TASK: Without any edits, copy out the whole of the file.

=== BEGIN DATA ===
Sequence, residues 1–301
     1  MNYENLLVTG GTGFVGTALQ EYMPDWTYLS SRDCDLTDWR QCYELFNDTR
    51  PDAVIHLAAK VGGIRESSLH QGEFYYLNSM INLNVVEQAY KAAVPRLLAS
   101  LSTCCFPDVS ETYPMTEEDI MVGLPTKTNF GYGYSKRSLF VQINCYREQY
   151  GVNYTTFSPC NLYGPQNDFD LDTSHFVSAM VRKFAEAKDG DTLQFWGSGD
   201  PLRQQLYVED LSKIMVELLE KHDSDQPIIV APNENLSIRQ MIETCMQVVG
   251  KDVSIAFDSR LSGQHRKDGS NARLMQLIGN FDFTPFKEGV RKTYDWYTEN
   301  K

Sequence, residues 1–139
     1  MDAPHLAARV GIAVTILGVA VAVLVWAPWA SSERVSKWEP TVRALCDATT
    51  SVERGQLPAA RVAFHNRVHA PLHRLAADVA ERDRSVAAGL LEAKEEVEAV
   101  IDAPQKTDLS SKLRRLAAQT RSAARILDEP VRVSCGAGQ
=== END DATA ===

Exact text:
Sequence, residues 1–301
     1  MNYENLLVTG GTGFVGTALQ EYMPDWTYLS SRDCDLTDWR QCYELFNDTR
    51  PDAVIHLAAK VGGIRESSLH QGEFYYLNSM INLNVVEQAY KAAVPRLLAS
   101  LSTCCFPDVS ETYPMTEEDI MVGLPTKTNF GYGYSKRSLF VQINCYREQY
   151  GVNYTTFSPC NLYGPQNDFD LDTSHFVSAM VRKFAEAKDG DTLQFWGSGD
   201  PLRQQLYVED LSKIMVELLE KHDSDQPIIV APNENLSIRQ MIETCMQVVG
   251  KDVSIAFDSR LSGQHRKDGS NARLMQLIGN FDFTPFKEGV RKTYDWYTEN
   301  K

Sequence, residues 1–139
     1  MDAPHLAARV GIAVTILGVA VAVLVWAPWA SSERVSKWEP TVRALCDATT
    51  SVERGQLPAA RVAFHNRVHA PLHRLAADVA ERDRSVAAGL LEAKEEVEAV
   101  IDAPQKTDLS SKLRRLAAQT RSAARILDEP VRVSCGAGQ